DISCUSSION:

Penetrating neck trauma… Traditionally we divide the neck into the anterior and posterior triangles. In terms of penetrating neck trauma we can divide the neck differently – into 3 zones, separated by the cricoid cartilage and the angle of the mandible.

Zone III

Treat as cranial injuries

Carotids, pharynx, spinal cord

Vascular control difficult

———————————————>Angle of mandible

Zone II

Oesophagus, trachea, larynx

Jugular veins, Carotids Spinal cord

Safest for exploration

———————————————>Cricoid cartilage

Zone I

Carotids, oesophagus, trachea

Lung, major thoracic vessels Spinal cord

Vascular control difficult

———————————————> Clavicle

Surgical exploration is problematic in zones 1 and 3 due to difficulty in exposing the injury and gaining vascular control; thus patients with vascular injury in these zones have a higher mortality.

The platysma is the most superficial structure beneath the skin and subcutaneous tissue. If the wound penetrates this assume significant injury: DO NOT start poking your fingers inside to have a look about.

C-Spine precautions are more relevant in blunt trauma but should be considered in penetrating injury also.

Beyond this the neck is divided into tight compartments. They can tamponade bleeds which prevent blood pouring out externally…however internal extravasation of blood/air can extrinsically compress the airway. If the patient has:

- Acute respiratory distress

- Airway obstruction/tracheal shift

- Massive subcutaneous emphysema

- Expanding haematoma

- Altered level of consciousness

…then aggressively manage the airway. Get senior help for airway management EARLY. Don’t clamp bleeding vessels. Also look for hoarseness, dysphagia, vocal cord paralysis, cranial nerve palsies, apical capping on a CXR and a haemothorax.

Investigate with a CTAngio/HCTAngio. For zone 1: patients should have a laryngo/bronchoscopy and oesophago-endoscopy. Zone 3 patients should have a catheter angio; surgical exploration is fraught with difficulty and apparently not often indicated. Further investigating in Zone 2 injuries is controversial – some advocate exploration and some advocate angiography/bronchoscopy/oesophagoscopy and observation.

In Summary:

- Take it seriously, no matter how innocuous it may look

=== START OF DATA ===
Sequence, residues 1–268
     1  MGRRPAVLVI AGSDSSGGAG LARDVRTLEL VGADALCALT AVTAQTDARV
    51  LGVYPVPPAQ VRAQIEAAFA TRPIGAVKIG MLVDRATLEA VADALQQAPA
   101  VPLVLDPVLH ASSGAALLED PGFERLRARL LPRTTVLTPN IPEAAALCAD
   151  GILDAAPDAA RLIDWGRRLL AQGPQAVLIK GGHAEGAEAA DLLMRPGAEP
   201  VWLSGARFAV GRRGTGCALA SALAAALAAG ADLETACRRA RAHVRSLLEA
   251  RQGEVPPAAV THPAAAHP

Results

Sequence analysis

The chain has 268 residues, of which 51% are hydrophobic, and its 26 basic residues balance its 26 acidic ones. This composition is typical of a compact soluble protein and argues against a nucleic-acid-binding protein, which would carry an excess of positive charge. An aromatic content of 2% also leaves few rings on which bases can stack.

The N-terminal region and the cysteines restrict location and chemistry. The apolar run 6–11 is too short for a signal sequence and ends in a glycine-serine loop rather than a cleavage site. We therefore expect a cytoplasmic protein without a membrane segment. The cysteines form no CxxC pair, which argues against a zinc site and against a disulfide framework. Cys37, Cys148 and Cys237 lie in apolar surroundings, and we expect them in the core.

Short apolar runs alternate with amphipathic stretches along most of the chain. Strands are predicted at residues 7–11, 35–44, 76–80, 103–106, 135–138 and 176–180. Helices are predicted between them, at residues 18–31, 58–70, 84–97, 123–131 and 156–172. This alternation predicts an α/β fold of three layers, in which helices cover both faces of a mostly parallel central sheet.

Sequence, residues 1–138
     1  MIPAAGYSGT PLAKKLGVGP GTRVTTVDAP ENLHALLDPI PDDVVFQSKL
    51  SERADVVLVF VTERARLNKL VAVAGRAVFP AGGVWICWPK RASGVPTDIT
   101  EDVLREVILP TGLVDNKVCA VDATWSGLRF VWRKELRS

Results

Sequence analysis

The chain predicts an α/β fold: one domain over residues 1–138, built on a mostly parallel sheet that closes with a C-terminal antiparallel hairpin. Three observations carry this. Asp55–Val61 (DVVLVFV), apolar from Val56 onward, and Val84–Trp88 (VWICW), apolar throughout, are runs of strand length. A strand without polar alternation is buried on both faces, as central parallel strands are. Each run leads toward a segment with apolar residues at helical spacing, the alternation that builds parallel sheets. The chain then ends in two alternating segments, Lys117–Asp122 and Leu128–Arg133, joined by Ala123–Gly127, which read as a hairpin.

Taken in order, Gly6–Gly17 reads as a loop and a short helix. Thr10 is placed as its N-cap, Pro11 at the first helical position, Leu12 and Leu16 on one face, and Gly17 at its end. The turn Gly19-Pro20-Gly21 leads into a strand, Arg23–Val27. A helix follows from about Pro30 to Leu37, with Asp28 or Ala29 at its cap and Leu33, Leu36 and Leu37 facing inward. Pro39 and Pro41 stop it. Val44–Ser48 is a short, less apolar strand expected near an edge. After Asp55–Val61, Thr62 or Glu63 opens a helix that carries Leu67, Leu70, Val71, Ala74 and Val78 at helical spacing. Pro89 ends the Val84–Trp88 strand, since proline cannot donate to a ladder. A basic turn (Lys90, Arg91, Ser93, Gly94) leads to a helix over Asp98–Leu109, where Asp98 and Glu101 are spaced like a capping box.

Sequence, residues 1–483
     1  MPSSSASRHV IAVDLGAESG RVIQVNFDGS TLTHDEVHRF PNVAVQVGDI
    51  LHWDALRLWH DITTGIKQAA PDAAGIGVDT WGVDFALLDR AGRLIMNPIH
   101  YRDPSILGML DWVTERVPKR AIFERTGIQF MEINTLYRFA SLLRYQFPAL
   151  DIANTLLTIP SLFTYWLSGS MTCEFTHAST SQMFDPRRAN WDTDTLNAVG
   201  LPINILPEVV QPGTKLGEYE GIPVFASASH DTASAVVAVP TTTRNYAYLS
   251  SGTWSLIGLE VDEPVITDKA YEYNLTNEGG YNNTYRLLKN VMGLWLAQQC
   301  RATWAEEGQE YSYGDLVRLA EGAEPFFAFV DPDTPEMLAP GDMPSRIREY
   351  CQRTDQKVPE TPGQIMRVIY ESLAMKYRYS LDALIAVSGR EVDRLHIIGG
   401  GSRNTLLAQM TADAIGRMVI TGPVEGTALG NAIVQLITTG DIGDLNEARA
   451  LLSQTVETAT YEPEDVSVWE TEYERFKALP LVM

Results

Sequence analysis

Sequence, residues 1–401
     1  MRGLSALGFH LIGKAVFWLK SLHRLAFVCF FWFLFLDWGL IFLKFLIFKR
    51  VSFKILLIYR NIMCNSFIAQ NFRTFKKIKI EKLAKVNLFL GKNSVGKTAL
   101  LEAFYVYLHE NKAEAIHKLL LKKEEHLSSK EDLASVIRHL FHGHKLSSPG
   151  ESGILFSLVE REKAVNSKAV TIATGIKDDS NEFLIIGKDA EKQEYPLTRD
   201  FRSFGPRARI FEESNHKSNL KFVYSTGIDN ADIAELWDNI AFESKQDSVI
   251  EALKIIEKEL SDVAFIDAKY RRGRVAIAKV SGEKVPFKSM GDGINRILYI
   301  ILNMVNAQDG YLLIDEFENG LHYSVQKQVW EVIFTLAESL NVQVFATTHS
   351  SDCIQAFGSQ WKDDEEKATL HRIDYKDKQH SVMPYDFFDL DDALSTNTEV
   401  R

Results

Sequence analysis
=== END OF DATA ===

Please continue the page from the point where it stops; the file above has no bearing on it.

- If it goes beyond the skin and subcutaneous tissue then assume the worst

- Any suggestion of threatened airway then manage aggressively before it gets worse

- Know your zones

- CT angio

- Don’t go a-pokin’

- Transfer to definitive care

Reference: 1. Tintinelli; Tintinelli’s Emergency Medicine, 7th Ed; p1739-1741


medinuggets:

Case 6 | Achey Chest

70 year old man presents to ED at 5pm with 2 episodes of central dull chest ache over the last 24 hours that had each lasted around 1 hour. He had a background of IHD, having had a CABG 12 years ago and a stent in 2008. Pain subsided in the ED with aspirin and GTN but he had a further episode of chest ache at 3:40am in the CCU. The nurses notice a change in the rhythm and perform another ECG, when he suddenly becomes unresponsive.

Explanation to follow…

Interesting ECGs we had overnight in the ED…via www.medinuggets.com. View Larger

medinuggets:

Case 6 | Achey Chest

70 year old man presents to ED at 5pm with 2 episodes of central dull chest ache over the last 24 hours that had each lasted around 1 hour. He had a background of IHD, having had a CABG 12 years ago and a stent in 2008. Pain subsided in the ED with aspirin and GTN but he had a further episode of chest ache at 3:40am in the CCU. The nurses notice a change in the rhythm and perform another ECG, when he suddenly becomes unresponsive.

Explanation to follow…

Interesting ECGs we had overnight in the ED…via www.medinuggets.com.


Case 3 | Soft, non-tender

66 year old normally well female with a 3 day history of abdominal distension and minimal pain.  No previous surgical history. Takes occasional Mobic and Lipitor for OA and Hypercholesterolaemia respectively. On examination: looks well. Observations within normal limits. Soft, hyper-resonant, non-tender abdomen. View Larger

Case 3 | Soft, non-tender

66 year old normally well female with a 3 day history of abdominal distension and minimal pain. No previous surgical history. Takes occasional Mobic and Lipitor for OA and Hypercholesterolaemia respectively. On examination: looks well. Observations within normal limits. Soft, hyper-resonant, non-tender abdomen.


Inotropes Part 2 | Agents

Epinephrine

  • Alpha and Beta agonist
  • 2-10mcg/min = mostly Beta 1
  • >10mcg/min = mostly Alpha
  • Risks: arrhythmias, AMI, organ ischaemia

Phenylephrine

  • Alpha only, minimal cardiac effects

Norad

  • Alpha and Beta agonist
  • <2mcg/min mostly Beta
  • >3mcg/min added Alpha
  • First line for septic shock

Dopamine

  • 0.5-2mcg/kg/min = D1
  • 2-5mcg/kg/min = stimulates norad release
  • 5-10mcg/kg/min = Beta 1
  • >10mcg/kg/min Beta 1 + Alpha

Dobutamine

  • Beta 1
  • Less myocardial O2 consumption

Ellender TJ, Skinner JC. Emerg Med Clin North Am. 2008 Aug;26(3):759-86